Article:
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Successful G7 Summit Fails to Boost Kishida's Approval Rating — Sankei-FNN

Despite positive reactions to Kishida's G7 chairmanship, his cabinet's approval rating did not improve, possibly due to a scandal involving his son.



Sankei-FNN polling history of Kishida government's approval rating.

The Sankei Shimbun and FNN (Fuji News Network) conducted a joint public opinion poll on May 27 and 28. It revealed a 50.4% approval rating for Prime Minister Fumio Kishida's cabinet. This indicates a slight decrease of 0.3 percentage points compared to the previous survey on April 22 and 23, right before the G7 Hiroshima Summit held from May 19 to 21. The disapproval rating stood at 44.5%, showing a 0.2 percentage point decrease compared to the previous survey.

G7 leaders stand for a "family photo" in Hiroshima. May 21, 2023 (Pool photo)

The G7 Hiroshima Summit was expected to boost the government's approval rating. However, issues such as the inappropriate behavior of Shotaro Kishida, the Prime Minister's son and secretary, with relatives at the Prime Minister's residence may have contributed to the stagnation.

G7 Summit Leadership

A total of 70.3% of respondents said that Kishida's leadership as the chairman of the G7 summit was "very good" or "somewhat good." Similarly, 60.0% believed that Ukrainian President Volodymyr Zelenskyy's attendance at the summit had an impact on improving the situation in Ukraine.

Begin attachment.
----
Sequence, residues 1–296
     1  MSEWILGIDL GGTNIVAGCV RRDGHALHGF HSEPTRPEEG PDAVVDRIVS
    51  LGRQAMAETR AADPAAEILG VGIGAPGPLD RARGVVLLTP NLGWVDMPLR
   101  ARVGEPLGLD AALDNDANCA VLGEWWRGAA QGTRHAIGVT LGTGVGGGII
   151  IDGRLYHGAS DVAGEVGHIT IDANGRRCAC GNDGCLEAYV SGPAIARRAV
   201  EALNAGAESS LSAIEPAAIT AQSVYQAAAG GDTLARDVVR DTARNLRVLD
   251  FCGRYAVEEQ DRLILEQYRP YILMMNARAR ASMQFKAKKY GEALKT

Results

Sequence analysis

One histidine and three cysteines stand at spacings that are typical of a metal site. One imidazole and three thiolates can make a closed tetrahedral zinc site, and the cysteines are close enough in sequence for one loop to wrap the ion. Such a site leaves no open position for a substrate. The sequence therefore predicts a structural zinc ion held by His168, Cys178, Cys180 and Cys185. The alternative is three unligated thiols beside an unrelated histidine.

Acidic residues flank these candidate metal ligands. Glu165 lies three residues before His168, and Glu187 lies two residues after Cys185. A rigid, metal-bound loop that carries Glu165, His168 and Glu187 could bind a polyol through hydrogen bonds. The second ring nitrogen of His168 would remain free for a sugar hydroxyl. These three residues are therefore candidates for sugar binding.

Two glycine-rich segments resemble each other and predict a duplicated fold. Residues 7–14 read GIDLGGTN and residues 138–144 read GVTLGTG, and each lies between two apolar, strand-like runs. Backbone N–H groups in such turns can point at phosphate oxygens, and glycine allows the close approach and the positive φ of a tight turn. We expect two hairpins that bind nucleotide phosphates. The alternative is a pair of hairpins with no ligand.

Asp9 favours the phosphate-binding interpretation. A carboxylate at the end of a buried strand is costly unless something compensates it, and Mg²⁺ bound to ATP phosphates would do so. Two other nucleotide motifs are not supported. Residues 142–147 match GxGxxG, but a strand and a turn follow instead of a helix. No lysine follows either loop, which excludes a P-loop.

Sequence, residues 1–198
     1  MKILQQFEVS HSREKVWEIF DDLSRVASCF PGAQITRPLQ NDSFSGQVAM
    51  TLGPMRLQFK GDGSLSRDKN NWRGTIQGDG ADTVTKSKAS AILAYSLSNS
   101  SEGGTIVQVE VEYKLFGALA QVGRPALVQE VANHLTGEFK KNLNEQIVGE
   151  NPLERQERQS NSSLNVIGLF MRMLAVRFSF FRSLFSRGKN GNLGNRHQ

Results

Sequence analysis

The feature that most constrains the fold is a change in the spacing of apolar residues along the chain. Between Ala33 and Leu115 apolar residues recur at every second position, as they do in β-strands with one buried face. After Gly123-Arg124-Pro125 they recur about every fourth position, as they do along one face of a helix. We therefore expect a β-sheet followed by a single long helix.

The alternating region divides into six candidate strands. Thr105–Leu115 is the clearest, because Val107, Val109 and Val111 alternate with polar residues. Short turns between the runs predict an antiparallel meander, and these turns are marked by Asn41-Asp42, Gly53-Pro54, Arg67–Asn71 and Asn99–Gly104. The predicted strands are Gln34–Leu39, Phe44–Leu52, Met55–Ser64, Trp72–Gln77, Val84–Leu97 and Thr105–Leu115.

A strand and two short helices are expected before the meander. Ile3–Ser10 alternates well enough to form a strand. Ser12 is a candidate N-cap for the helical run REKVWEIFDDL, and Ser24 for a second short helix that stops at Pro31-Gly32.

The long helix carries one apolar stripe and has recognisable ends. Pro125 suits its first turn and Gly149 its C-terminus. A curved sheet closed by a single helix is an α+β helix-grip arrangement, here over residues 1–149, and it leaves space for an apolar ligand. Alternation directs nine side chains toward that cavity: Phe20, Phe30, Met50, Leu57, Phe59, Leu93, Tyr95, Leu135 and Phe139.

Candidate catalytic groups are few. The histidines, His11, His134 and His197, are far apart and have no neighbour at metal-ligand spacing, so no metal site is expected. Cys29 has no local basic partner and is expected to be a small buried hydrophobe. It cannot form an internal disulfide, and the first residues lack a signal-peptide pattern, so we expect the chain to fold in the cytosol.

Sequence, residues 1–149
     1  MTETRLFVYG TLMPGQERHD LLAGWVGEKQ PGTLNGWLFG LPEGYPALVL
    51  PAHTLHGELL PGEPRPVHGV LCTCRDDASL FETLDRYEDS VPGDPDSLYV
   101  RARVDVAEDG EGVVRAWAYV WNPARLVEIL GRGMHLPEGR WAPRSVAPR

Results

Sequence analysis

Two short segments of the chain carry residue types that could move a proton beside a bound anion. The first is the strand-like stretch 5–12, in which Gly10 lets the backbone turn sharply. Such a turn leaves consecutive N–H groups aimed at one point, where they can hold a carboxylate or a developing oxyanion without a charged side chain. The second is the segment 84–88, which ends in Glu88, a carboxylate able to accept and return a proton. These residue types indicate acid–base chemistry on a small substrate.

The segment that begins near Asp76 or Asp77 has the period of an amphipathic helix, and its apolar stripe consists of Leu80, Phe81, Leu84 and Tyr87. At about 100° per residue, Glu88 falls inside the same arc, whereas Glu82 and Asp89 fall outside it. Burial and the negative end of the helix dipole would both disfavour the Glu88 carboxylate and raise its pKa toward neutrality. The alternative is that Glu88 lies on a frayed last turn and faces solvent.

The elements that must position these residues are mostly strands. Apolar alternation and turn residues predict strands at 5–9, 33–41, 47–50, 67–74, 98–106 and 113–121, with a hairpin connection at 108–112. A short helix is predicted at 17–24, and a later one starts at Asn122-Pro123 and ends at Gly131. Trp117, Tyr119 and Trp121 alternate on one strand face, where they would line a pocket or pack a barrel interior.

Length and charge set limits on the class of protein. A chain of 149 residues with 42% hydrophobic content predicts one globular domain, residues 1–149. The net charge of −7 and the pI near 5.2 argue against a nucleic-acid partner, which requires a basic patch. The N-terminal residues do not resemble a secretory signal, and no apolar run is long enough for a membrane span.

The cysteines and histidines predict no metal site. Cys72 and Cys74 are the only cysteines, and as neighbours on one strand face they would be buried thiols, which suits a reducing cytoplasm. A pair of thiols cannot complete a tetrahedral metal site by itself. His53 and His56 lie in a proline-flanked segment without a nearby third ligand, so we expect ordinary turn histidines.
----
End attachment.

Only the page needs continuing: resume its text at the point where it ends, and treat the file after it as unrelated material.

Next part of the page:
PM Fumio Kishida attends a Partnership for Global Infrastructure and Investment event during the G7 summit in Hiroshima, Japan, on May 20, 2023. (© REUTERS/Jonathan Ernst)

However, 56.3% of respondents felt that the G7 summit did not result in a significant increase in momentum toward achieving a world without nuclear weapons.

In terms of the government's consideration of increasing social insurance premiums to fund Kishida's proposed "unprecedented countermeasures" against declining births, opposition (66.6%) outweighed support (28.1%).

Ukrainian President Volodymyr Zelenskyy and PM Kishida at the Hiroshima Peace Memorial Park on May 21, 2023. (© Eugene Hoshiko/Pool via REUTERS)

Dissolving the Lower House

Regarding the timing of dissolving the House of Representatives, the majority (32.4%) indicated that it was unnecessary to dissolve the House until its term expires in 2025. Other preferences included dissolution by 2023 (24.8%), 2024 or later (18.9%), and as soon as possible (16.0%).

When asked which opposition party they had the highest expectations for, the Japan Innovation Party emerged as the top choice with 29.2%. Meanwhile, the Constitutional Democratic Party of Japan, the leading opposition, received 15.7%.

When the respondents' answers regarding cabinet approval were unclear, they were prompted to provide a clearer response with the phrase "if you had to choose."


(Read the article in Japanese.)

Author: The Sankei Shimbun

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